The Air Force, in another setback for the troubled B-1 bomber, has grounded all 97 of the $300-million aircraft because of a malfunctioning wing spotted on one plane, the Defense Department disclosed Tuesday.
Pentagon spokesman Dan Howard said the bombers were put on “precautionary stand-down” Monday until the Air Force can find and correct a problem that caused one of the wings of a bomber to sweep too far forward. The problem, detected during a routine ground check, caused the wing to puncture a fuel line.
The action brought an abrupt halt to the roughly 20 B-1 bomber training flights conducted daily at bases in South Dakota, Kansas and Texas. The Air Force said that the moratorium will continue until the service, working with engineers from the plane’s manufacturer, Rockwell International Corp., pinpoints the cause of the problem and makes any needed repairs.
Ready to Take Off
But the Pentagon also said that the force of bombers remains ready to take off on short notice and would be capable of flying its wartime mission if ordered to do so.
The B-1 intercontinental bomber, centerpiece of the Ronald Reagan Administration’s $260-billion effort to modernize the nation’s strategic nuclear arsenal, is the Air Force’s principal manned penetrating bomber.
It is the third time since the planes were introduced to the force in September, 1986, that technical problems have grounded them. Three of the jets have crashed. Some industry sources say that it will cost as much as $11 billion to fix flaws that limit the bombers’ ability to perform as originally intended.
Rep. Les Aspin (D-Wis.), a frequent critic of the B-1 program, called the latest development “very disturbing.” He said that, 2 1/2 years after the bomber’s introduction into the arsenal, ‘this kind of problem should not be recurring.”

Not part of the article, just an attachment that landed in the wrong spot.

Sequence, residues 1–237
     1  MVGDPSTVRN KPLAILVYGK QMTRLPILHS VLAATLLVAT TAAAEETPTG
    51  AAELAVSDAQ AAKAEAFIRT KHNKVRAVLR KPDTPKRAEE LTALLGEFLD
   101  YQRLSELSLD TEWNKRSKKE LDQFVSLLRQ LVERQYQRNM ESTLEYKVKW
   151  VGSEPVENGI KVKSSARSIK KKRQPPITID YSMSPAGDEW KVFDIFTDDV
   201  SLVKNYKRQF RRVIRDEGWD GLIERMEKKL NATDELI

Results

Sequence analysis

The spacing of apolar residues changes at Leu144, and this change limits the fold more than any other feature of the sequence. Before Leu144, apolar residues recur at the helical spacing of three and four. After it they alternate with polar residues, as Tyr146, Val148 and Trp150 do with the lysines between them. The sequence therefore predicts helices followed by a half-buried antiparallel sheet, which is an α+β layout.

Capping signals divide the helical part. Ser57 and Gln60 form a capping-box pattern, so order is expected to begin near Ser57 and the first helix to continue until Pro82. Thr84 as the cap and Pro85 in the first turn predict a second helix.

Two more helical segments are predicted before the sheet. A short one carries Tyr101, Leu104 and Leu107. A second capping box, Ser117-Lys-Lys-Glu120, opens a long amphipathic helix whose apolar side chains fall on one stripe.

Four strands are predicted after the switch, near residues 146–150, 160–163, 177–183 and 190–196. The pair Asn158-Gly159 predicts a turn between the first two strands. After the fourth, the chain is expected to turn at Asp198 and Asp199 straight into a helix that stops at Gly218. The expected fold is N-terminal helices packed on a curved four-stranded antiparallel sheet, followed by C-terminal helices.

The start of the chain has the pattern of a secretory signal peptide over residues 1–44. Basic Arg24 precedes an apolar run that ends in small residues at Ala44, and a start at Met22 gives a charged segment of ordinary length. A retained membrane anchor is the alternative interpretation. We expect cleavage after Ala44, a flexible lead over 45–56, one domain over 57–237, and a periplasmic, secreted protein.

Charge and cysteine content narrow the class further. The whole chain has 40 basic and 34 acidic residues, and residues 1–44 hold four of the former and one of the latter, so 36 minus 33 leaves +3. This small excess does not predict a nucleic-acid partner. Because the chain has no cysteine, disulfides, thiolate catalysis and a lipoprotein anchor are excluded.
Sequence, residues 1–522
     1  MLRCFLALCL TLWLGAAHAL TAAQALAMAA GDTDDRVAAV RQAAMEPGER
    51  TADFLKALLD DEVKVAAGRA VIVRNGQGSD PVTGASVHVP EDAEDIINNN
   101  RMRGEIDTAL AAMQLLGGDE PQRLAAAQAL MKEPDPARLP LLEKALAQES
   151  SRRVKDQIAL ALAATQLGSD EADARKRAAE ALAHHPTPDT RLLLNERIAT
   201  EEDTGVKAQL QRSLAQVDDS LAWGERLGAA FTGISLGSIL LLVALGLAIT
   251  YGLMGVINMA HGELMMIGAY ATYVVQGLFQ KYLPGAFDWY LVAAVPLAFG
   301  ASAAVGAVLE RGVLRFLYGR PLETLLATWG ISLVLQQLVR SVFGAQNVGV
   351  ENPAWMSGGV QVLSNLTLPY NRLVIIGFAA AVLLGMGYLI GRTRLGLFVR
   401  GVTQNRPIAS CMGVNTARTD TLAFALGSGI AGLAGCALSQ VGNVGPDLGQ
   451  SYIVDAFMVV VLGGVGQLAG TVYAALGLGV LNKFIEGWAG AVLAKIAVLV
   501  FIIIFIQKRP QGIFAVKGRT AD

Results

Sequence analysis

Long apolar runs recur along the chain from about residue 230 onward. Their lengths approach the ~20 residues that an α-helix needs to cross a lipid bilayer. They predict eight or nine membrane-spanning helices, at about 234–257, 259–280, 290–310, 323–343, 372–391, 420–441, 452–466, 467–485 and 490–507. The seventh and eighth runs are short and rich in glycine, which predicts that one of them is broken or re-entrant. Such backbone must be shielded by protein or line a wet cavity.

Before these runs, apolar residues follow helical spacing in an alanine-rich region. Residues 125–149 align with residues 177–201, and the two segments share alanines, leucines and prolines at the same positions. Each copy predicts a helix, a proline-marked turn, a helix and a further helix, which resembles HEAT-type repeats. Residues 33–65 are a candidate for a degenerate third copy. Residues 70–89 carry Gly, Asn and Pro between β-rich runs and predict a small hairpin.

The latest trouble was discovered during a preflight check of the plane at Dyess Air Force Base in Abilene, Tex., where 25 of the planes are based. The problem appeared to involve the plane’s “variable geometry” wing, which can swing forward or sweep back to increase the aircraft’s ability to maneuver.
“The first or second time the wings were swept, it was noted that they were out of sync,” Pentagon spokesman Howard said. “The third time that they swept the wings forward, a clunking noise was heard. They shut down the aircraft and observed the fuel leak.”
The Air Force suspects that the device that swings the wing into the forward position punctured the fuselage in a spot where fuel is stored.
Lt. Col. George H. Peck, a spokesman for the Air Force’s Strategic Air Command in Omaha, said it is not yet known whether the problem may exist in other planes.
“All of these questions have to be answered before we can go back to our training flights,” he said. “We consider this a precursor step to a grounding.”
The B-1’s fuel system has been implicated in a crash last November. The bomber carries its fuel in available spaces throughout the wings and fuselage, and Air Force experts said that leakages have been difficult to pinpoint and stem. After the November crash, the Air Force bolstered inspections and maintenance of fuel lines and began assessing possible changes in the design of the B-1’s fuel system.